There are many different types of surveys to use for gathering employee feedback, from engagement, to onboarding, exit and beyond. Regardless of which one you use, the survey questions you ask are the most visible and often memorable part of an employee survey.
Deciding on your questions (and how to ask them) is important because you can only take action on what you ask. When people understand your questions, it’s easier for them to answer openly and honestly, giving you better feedback to analyze and act on.
You can more easily get to the information you need to make the best decisions when you implement these eleven tips for writing great employee survey questions.
1. Have one key decision maker on question design
This person understands the survey strategy and purpose. They’re responsible for collecting feedback on the questions from relevant people within your company. Having one decision maker in charge of understanding the purpose behind each question keeps the process concise.
2. Start with objectives
It’s tempting to dive into writing questions right away, but each question needs to have a purpose and that purpose is defined by the objectives. Take a look at what systems and initiatives you already have in place, and take into account what you are planning for the future.
3. Consider your company culture
Ask yourself, “What has been critical to our success?” If you’re using a survey template and find that some questions aren’t relevant to you, rewrite them so they become useful. Your company is unique, and your survey questions should reflect that. It can be something as simple as changing the language in questions from “manager” to “coach” if that’s how your company functions.
4. Understand the cognitive model of question response
In other words, understand how someone answering your question processes it in their mind.
We’ll walk through it with the example: “I receive appropriate recognition for my work”
Step One: Understand intent of the question – “I understand what recognition is”
Step Two: Search memory for information – “When was the last time I felt recognized?”
Step Three: Integrate information into judgment – “I think yes, I do receive appropriate recognition”
Step Four: Translate judgment onto response alternatives – “I would rate this favorably”
Want more great employee survey question advice?
See our additional guides on:
- 20 simple employee engagement survey questions you should ask
- 5 Diversity and Inclusion questions to use at your company
- How to write employee wellbeing survey questions
- 17 powerful employee onboarding survey questions you can use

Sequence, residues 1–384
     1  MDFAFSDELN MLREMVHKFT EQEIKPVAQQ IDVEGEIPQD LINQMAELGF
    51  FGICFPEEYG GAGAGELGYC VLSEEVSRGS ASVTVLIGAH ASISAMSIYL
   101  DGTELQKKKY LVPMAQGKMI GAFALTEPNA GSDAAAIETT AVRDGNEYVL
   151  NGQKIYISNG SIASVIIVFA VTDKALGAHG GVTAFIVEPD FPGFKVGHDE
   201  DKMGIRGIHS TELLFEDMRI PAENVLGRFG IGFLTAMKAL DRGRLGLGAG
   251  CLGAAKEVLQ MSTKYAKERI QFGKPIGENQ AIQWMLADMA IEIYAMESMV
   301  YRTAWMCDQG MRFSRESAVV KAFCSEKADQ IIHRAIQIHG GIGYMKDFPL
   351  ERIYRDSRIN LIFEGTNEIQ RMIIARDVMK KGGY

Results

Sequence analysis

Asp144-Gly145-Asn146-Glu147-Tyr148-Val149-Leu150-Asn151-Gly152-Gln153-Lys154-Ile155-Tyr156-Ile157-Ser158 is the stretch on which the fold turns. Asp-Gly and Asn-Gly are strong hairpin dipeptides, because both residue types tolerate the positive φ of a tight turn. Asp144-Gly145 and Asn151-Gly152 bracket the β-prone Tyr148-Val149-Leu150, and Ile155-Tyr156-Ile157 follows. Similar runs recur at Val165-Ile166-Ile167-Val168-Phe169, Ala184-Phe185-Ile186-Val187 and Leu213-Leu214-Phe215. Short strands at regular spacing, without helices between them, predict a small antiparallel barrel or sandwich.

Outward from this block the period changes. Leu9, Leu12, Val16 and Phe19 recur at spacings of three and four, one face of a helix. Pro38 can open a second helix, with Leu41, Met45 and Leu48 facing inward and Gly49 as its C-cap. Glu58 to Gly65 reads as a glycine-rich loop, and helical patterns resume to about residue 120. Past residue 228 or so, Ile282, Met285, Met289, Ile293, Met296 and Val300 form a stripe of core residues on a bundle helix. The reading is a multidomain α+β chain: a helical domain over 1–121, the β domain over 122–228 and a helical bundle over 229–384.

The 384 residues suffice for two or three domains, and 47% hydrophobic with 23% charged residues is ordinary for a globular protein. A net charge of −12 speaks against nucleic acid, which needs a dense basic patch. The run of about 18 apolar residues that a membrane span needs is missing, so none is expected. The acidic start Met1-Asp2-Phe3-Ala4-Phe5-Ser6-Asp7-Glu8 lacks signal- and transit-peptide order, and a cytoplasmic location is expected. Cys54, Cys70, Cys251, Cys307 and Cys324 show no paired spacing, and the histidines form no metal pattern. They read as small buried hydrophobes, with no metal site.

- 24 great one-on-one meeting questions
5. Familiarize yourself with “bi-directional” questions
Each question being asked sends a signal. If the question is “My manager gives me feedback once a week” it sends a signal that once a week feedback is the norm. Understanding this idea ensures that you are sending the right signals on company norms.
6. Have the right scale
Always include a midpoint in your Likert scale, because it accounts for people who do feel neutral on a question. If you exclude a midpoint, your “favorable” sentiment becomes inflated as people tend to acquiesce to the “yes” or “positive” side of the scale rather than answering how they truly feel.
7. Include benchmark questions
If the platform you’re using for your survey includes benchmarks, make sure you keep those important questions in. You want to be able to ask benchmark questions so that you can compare your survey results to your industry later on.
8. Don’t ask questions you aren’t ready to discuss
If you ask a question about something you can’t change (or aren’t ready to discuss) it puts you in a difficult position. Survey takers are going to expect that if you ask questions about compensation for example, you’re willing to discuss or change something around this policy.
9. In general, don’t make questions mandatory
When you’re designing a survey it can be tempting to make certain questions mandatory. However, this can be frustrating and annoying for people who honestly can’t answer the question. Participation in a survey should be voluntary, and mandatory questions go against this ideal.
10. Each question should serve a purpose
You should be able to understand the “why” behind each question, but not every question needs to be immediately actionable. You’re looking for questions that diagnose a problem on the whole, not to necessarily solve it on an individual basis.
11. Put yourself in the mindset of the survey taker
Survey fatigue can affect your survey’s results. If you’re asking about every aspect of your company in a 200 question survey, participants will likely get tired. Keep them interested and focused by ensuring the number of questions you ask is reasonable. Take the survey yourself to estimate the time it will take to complete.
See what you can do with Culture Amp’s employee surveys